How to Be an Ally to LGTBQAI+ Co-workers

LGBTQAI+ activists have made significant progress in the fight for workplace equality. After the Supreme Court’s ruling in Bostock vs. Clayton County, it became illegal to fire someone for their sexual orientation or gender identity in the United States. Despite these legal protections, members of the community may still encounter prejudice in the professional world, and it’s up to everyone to create a more inclusive environment. A vital aspect of supporting LGBTQAI+ rights in the workplace requires straight, cisgender co-workers to do more than not discriminate but stand as faithful allies in the fight for progress. Everyone benefits when those who are not a part of the LGBTQAI+ community demonstrate their commitment to inclusivity and allyship. Here are five key steps to deepening your understanding of LGBTQAI+ issues and showing your commitment to inclusion as an ally.

Get Educated

If you are a cisgender, heterosexual individual, it’s essential to understand that you do not share the experiences of those with marginalized gender identities and sexual orientations. Without the same lived experiences of discrimination or prejudice, you must take it upon yourself to become educated.

To become an ally, deepen your understanding of diverse LGBTQAI+ identities, LGBTQAI+ history, and current issues on your own. While there’s nothing wrong with asking your LGBTQAI+ co-workers for their perspectives, be sure to educate yourself and come prepared for the conversation. For many LGBTQAI+ people, it can become difficult trying to communicate their own lived experiences and traumas. Rather than purely relying on co-workers to educate you, be willing to put in the work yourself.

Don’t Stereotype or Make Assumptions

Those who are not part of the LGBTQAI+ community can often make assumptions about gender identity or sexual orientation based on stereotypes or generalizations. Many of these assumptions are unintentional and arise from an unrecognized heteronormative perspective. Recognize when you are making assumptions and take a step back. This understanding is crucial for cisgender allies to transgender and nonbinary people. Cisgender allies can support transgender and nonbinary co-workers by avoiding assumptions about their gender identity, regardless of their gender expression.

Respect Chosen Names and Preferred Pronouns

Using people’s chosen names and preferred pronouns is basic respect. If you’re not sure, clarify their chosen name and preferred pronouns. Essentially, if you don’t know, ask. Always refer to people using the name and pronouns they prefer, even if their gender expression may not fit your expectations as a cisgender person.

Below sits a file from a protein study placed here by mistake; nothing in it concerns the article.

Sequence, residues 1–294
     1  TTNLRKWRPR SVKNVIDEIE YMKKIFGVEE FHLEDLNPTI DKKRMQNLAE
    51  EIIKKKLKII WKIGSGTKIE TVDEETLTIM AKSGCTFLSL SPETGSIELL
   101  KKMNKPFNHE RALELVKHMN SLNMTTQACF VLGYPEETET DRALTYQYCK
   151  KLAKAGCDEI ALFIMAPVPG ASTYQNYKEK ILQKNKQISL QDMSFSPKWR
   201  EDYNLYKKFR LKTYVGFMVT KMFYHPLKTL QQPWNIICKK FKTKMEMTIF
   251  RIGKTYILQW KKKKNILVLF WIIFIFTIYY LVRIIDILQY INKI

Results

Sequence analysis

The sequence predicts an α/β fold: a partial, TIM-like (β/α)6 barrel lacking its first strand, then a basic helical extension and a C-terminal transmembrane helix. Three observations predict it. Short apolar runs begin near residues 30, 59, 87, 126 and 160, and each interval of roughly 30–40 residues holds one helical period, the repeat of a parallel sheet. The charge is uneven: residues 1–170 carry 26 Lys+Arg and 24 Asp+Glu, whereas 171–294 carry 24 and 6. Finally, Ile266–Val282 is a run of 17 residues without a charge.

For some transgender and nonbinary people, a chosen name may differ from their current legal name. Changing a legal name can be a complicated process! Respect people’s identities and refer to them how they refer to themselves. Likewise, consider familiarizing yourself with pronouns you may not be familiar with, such as singular they/them, which many nonbinary and genderfluid people prefer.

Avoid Microaggressions

Microaggressions are a hot-button topic. Many may not understand what the term means or become defensive if told they committed a microaggression. As an ally, it’s your job to understand what these comments are and how to avoid them. With that in mind, a microaggression is a kind of comment that may be harmful to certain people, such as the LGBTQAI+ community, even if the speaker doesn’t realize their statement was hurtful. Examples include references to stereotypes, incorrect assumptions, or indirect (and even unintentional!) implications that being LGBTQAI+ is negative in some way.

A comment like, “You don’t seem gay,” for example, may imply that the speaker expects certain stereotypes and could make your LGBTQAI+ co-workers feel uncomfortable. Similar comments include colloquially calling things “gay” in a derogatory sense. While the speaker may not have a personal prejudice against LGBTQAI+ individuals, this kind of language is hurtful and unprofessional. Because many microaggressions are unintentional, be aware and listen to your co-workers if they explain that something you said is invalidating or harmful.

Apologize if You Make a Mistake

To be an ally to the LGTQAI+ community, you should acknowledge and apologize when you make a mistake. If you realize a comment you made could be hurtful, be straightforward and apologize. Likewise, if you misgender someone, accept responsibility and correct yourself moving forward. As we discussed, many microaggressions are unintentional, and you may not even be aware that what you said was hurtful! In this case, it’s important to own up to the error rather than get defensive. As a cisgender, straight ally, supporting your LGBTQAI+ colleagues is a learning process.

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